I find that people buy/drive cars that fit their personalities. People in smaller cars, sedans, coupes ect are usually more tolerant of slower acceleration then those in SUVs. The larger the SUV the more annoyed the drivers seem to be, regardless of my driving style.
Paying attention to what is happening on the road ahead of me and planning for it while driving has saved me ~4mpg on average.
The other thing you can do to make a big difference in mpg is to use the cruise control both to maintain a constant speed but also to limit your speed to the posted limit. It doesn’t always make sense to set the cruise, here in the northeast the roads can be very hilly and I can do a better job keeping my RPMs down and using the down hills to coast then the cruise can but by and large setting the cruise helps me out a lot. I’m the kind of driver that wants to be going faster, all the time. If I’m on 30mph road I can set the cruise and not focus on how slowly I’m going. I’m not tempted to speed up when the jackass in the pickup trucks starts driving too close to me. Using the cruise where appropriate has saved me an additional 4mpg.
I am typically able to get 41+ mpg in my Honda Fit, which is rated at 34mpg, while driving one day on the highway and six days around town each week. One office is 60 miles away, the other is about 20 miles away, through a dozen traffic lights. Since I’ve been trying to conserve gas I have been able to put in 1-2 gallons less each week which saves me $8 dollars a week, $32 a month, $385 a year, and as gas prices keep going up those numbers continue to get better.
I think there is a clear line between getting great gas milage and being a problem on the road. I don’t drive under the speed limit and on the highway I typically drive above it, depending on the flow of traffic. I have never put myself in a position to cause a slow down on the highway and I find that people who do are a danger to themselves as well as the highway as a whole. One idiot driving like maniac on the highway will cause 100 people to get home 20 minutes later at night and that is simply typical American selfishness. An epidemic in this country. I am able to get 8 miles to the gallon more then my car is rated for without annoying those around me or putting any one in danger. The benefits, however modest, are pure profit for me. I haven’t spend any money to save money. I have performed no modifications to my car, it’s just a difference in mindset while driving.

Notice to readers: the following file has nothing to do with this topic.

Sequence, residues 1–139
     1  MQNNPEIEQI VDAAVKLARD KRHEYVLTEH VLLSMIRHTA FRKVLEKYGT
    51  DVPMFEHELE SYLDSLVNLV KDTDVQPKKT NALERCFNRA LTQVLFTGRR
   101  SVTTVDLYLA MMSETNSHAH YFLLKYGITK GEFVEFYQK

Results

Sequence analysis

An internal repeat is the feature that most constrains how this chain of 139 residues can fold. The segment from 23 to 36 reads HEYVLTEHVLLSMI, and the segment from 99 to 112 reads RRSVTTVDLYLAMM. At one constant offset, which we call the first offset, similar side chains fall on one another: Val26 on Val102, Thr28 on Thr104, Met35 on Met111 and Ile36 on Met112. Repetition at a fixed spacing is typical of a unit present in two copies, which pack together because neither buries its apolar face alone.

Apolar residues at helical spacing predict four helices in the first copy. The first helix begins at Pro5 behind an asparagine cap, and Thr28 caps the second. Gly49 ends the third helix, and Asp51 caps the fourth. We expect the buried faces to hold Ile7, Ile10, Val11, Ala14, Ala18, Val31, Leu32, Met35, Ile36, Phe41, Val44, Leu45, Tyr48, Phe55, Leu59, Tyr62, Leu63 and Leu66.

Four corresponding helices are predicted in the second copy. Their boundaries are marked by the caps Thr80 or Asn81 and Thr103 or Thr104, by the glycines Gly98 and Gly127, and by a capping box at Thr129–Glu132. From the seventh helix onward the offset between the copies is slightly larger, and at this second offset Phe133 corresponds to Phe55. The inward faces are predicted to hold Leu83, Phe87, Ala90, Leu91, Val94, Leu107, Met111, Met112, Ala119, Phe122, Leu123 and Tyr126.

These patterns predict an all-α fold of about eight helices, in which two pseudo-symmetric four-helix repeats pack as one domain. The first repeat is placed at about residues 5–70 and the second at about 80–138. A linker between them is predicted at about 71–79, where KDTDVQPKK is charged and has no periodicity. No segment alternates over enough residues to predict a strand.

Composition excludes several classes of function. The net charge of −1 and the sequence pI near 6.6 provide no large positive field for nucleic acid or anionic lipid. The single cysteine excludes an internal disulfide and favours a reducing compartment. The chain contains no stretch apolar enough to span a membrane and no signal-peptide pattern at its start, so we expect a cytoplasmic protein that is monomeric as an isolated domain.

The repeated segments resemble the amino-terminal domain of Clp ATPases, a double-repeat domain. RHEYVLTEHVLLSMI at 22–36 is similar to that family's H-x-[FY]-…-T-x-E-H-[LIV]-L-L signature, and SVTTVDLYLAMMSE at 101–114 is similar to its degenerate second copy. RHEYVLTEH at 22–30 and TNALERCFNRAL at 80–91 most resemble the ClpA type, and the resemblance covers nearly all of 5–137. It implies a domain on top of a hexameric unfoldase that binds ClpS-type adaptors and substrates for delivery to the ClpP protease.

The biggest thing holding me back from getting better mileage was not being able to stay relaxed while driving. I solved this by listening to podcasts on my iPod while driving. There are so many free podcasts that you are bound to find a few that appeal to you. They are downloaded and sync’d to my iPod automatically each day using iTunes and I am able to concentrate on those instead of getting stressed about sitting in traffic or getting stuck at a red light. I also find that the price of gas directly relates to how likely people are to tailgate. I don’t think I’ve been tailgated more then once since the price went over $3.50/gallon. Makes getting better mileage even easier!